.comment-link {margin-left:.6em;}

Affinities

Posts of Janet Chernela, anthropology professor at the University of Maryland.

16 June 2012

"Parody, I presume" : Ann Patchett's State of Wonder

Recognizing that Ann Patchett is a major author, I am going to assume that her new book, State of Wonder, is a send-up.  If that's the case, it's a great success. 

A pharmaceutical company has paid to have a research station built in the Amazon rainforest and they don't know where it is (p. 22). "We sent the whole thing down on a barge, freezers, and tin siding, roofs, and doors, more generators than you could imagine.  We sent everything to set up a fully operating lab and she [Dr. Swenson] met the barge in Manaus and got on board and took it down the river herself.  None of the workers were ever able to remember where they dropped things off" (22).  The researcher and main character, Dr. Swenson, who absconded with the lab, hasn't been heard of in two years.  Never mind that she took it down the Rio Negro, one of the Amazon's northern tributary streams that empties into the Amazon near Manaus so that one can't go down it from Manaus and get very far (see a map).  Now someone must find her and the lab.  When the emissary sent to locate her dies, another is sent.  That scientist is Marina Singh, the book's protagonist and the Stanley of the narrative.

The missing Dr. Swenson has been conducting a thirty-five year study.  Before disappearing into the Amazon Swenson was commuting from her teaching post at Johns Hopkins.  "She had been flying to Manaus all those years and hiring a boat to take her down the splitting tributaries of the Rio Negro" (p. 79).  When they meet in Manaus, Marina finds out how she did it: 

Marina, "So you would teach all week and see patients and then fly down .. on the weekends?"
Swenson, "I would leave late Thursday night after my last class.." 
Marina,"And so you came back on Sunday and taught Monday's class?" 
Swenson, "It was a red-eye coming back.  I'd land Monday morning and have the taxi take me straight to campus" (p. 168-9).  

Before Swenson, there was Dr. Rapp, her mentor.  Rapp was a Harvard professor who "was listed in the catalogue every year but ...[who] never made his way back to the classroom for more than a day or two.  In reality it [his class] was taught by some graduate student...Signing up for the class was as good as admitting you had no idea what was going on" (p. 226).  

When Marina takes a plane to Manaus, a city of two million in the Amazon, she isn't out of the airport before this happens:  "An insect flew against her ear, emitting a sound so piercing that her head snapped back as it struck.  Another insect bit her cheek just as she raised her hand to drive the first one away.  They  were not in the jungle, they were in a parking lot" (69).  The author's sense of humor is more biting than her fictitious, relentless, insects.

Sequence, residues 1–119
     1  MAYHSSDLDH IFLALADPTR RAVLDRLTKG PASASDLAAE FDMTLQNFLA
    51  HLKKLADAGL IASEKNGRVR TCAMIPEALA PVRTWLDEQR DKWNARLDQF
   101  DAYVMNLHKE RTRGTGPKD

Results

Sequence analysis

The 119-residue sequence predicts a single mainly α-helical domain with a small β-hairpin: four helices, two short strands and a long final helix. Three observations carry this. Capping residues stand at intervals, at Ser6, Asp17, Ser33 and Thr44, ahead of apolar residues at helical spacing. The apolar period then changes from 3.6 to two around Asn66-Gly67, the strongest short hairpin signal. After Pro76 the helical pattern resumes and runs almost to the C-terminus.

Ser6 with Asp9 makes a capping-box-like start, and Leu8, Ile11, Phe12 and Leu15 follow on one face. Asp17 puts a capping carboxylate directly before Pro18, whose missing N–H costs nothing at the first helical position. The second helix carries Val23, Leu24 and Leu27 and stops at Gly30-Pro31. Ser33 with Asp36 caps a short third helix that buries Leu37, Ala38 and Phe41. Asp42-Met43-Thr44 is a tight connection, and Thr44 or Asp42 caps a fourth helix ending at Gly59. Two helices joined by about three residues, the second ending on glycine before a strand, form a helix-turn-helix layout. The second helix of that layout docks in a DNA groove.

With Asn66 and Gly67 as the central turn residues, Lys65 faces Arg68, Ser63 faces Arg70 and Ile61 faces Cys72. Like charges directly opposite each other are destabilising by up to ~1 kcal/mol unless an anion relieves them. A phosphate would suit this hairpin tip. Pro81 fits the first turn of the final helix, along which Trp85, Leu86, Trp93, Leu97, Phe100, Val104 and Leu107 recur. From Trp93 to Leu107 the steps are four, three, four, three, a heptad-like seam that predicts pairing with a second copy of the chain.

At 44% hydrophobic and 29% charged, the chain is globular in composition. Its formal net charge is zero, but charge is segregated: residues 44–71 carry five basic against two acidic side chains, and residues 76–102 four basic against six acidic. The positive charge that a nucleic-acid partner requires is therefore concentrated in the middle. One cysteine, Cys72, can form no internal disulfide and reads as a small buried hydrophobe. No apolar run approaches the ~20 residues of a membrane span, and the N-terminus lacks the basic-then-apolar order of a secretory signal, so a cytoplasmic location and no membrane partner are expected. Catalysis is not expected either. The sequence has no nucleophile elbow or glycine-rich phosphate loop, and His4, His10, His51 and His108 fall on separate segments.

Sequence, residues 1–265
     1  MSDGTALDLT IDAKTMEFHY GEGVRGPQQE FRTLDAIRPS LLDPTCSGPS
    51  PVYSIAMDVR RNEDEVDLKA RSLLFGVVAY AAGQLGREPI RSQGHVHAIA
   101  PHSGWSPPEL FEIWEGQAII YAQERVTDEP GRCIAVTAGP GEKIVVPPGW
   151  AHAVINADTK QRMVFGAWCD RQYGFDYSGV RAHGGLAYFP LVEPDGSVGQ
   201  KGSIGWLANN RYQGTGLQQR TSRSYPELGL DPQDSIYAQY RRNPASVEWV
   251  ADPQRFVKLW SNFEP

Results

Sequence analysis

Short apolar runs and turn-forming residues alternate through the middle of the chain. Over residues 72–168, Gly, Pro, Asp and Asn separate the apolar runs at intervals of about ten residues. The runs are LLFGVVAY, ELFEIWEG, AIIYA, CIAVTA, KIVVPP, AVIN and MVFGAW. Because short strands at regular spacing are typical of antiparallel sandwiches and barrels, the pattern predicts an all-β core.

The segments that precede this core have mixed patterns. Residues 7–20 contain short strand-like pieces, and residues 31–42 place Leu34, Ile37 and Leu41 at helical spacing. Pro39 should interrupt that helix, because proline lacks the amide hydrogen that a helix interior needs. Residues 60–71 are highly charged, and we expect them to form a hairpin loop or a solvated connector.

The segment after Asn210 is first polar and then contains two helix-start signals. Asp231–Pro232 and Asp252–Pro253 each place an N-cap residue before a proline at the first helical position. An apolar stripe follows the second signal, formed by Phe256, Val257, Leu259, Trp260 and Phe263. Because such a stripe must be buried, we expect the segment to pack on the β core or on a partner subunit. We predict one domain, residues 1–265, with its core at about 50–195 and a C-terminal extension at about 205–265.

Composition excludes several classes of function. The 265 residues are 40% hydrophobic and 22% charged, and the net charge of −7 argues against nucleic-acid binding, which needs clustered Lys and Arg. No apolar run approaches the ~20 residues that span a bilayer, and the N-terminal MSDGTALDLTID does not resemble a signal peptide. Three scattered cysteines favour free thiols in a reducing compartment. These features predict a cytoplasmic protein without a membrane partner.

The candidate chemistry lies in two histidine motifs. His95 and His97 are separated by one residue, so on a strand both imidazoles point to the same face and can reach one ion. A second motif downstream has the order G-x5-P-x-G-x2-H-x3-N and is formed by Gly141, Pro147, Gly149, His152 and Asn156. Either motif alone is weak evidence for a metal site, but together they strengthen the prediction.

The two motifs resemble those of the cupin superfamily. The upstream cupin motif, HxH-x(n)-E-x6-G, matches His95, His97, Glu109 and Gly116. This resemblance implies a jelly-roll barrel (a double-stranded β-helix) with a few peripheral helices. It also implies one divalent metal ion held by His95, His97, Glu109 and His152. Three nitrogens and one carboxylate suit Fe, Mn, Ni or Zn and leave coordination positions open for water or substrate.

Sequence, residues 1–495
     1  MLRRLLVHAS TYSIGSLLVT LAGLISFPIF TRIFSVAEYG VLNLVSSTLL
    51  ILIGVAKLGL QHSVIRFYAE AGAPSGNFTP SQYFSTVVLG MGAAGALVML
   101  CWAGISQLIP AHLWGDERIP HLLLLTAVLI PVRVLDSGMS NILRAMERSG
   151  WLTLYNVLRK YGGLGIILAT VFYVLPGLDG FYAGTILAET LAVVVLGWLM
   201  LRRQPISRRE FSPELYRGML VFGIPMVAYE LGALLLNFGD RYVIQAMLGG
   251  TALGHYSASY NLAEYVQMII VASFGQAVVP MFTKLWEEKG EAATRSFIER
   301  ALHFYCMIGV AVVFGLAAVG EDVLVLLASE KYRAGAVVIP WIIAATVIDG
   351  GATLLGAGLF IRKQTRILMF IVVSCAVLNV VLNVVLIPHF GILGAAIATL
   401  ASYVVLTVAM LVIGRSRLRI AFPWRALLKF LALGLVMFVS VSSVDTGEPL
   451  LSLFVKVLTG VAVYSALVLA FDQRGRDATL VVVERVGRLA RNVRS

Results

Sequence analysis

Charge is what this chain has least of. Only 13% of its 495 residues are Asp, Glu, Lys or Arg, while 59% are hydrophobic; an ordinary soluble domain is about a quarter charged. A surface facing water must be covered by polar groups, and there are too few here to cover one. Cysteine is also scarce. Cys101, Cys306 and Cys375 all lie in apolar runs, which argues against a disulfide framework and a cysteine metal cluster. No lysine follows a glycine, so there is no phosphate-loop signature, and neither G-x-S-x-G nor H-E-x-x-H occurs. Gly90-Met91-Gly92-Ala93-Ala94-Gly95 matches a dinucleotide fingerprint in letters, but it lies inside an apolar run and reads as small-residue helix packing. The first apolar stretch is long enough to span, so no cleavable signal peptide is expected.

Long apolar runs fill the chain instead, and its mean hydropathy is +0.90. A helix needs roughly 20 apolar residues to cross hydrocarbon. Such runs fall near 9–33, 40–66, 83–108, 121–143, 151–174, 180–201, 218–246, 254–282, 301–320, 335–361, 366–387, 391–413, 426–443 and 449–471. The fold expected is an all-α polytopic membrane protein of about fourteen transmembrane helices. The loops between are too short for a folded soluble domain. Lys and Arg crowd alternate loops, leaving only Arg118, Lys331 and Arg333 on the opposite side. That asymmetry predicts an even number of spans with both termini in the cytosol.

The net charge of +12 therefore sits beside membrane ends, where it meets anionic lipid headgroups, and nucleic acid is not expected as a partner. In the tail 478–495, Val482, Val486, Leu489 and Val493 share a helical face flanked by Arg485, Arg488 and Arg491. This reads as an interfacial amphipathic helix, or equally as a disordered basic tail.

And here's a description of Manaus: "Manaus wasn't difficult to figure out.  It catered to tourists and travelers and shippers, who, in this accommodating city, were free from all import duties.  Everyone was either getting off of boats or getting on them, and so the streets had been laid out in such a way that one always had the feeling of walking away from the water or towards it.  By the third day Marina could navigate easily" (p. 77).   Manaus is a city where nothing changes.  One resident remarks, "I can't think of any changes in the last ten years"  (p. 130).  

When Marina gets to the forest, this is the way the acclaimed author describes it in a book considered to be her masterpiece: "Thousands of trees, hundreds of thousands of trees as far as she could see on both sides of the river without a single clearing.  Branches ad infinitum, leaves in perpetuity."

This is what Patchett has to say about the Lakashi, the remote indigenous community living a couple of hours "down the Rio Negro" from Manaus:  "I'll tell you what the locals do have a real genius for, and that's poison. There are so many plants and insects and various reptiles capable of killing a person out here that it seems any idiot could scrape together a compound that would drop an elephant."  

When, at last, Marina meets one of Dr. Swenson's collaborators, the author of the send-up is finally able to provide the punch-line: "Dr. Singh, I presume" (p. 197). 

If you don't have to read this book -- don't. Unless you have been to the Amazon and want to have a guffaw.  

0 Comments:

Post a Comment

Links to this post:

Create a Link

<< Home